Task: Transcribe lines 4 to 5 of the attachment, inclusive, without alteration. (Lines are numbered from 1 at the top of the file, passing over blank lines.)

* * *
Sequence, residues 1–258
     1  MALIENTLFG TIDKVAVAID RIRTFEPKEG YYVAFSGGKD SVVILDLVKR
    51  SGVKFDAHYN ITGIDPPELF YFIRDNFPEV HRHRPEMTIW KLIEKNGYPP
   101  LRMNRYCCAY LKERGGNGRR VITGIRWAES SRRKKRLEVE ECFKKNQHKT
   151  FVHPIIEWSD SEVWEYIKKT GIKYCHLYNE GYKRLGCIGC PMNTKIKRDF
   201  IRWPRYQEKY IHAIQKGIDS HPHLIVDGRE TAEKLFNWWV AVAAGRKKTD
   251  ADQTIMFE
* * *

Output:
   101  LRMNRYCCAY LKERGGNGRR VITGIRWAES SRRKKRLEVE ECFKKNQHKT
   151  FVHPIIEWSD SEVWEYIKKT GIKYCHLYNE GYKRLGCIGC PMNTKIKRDF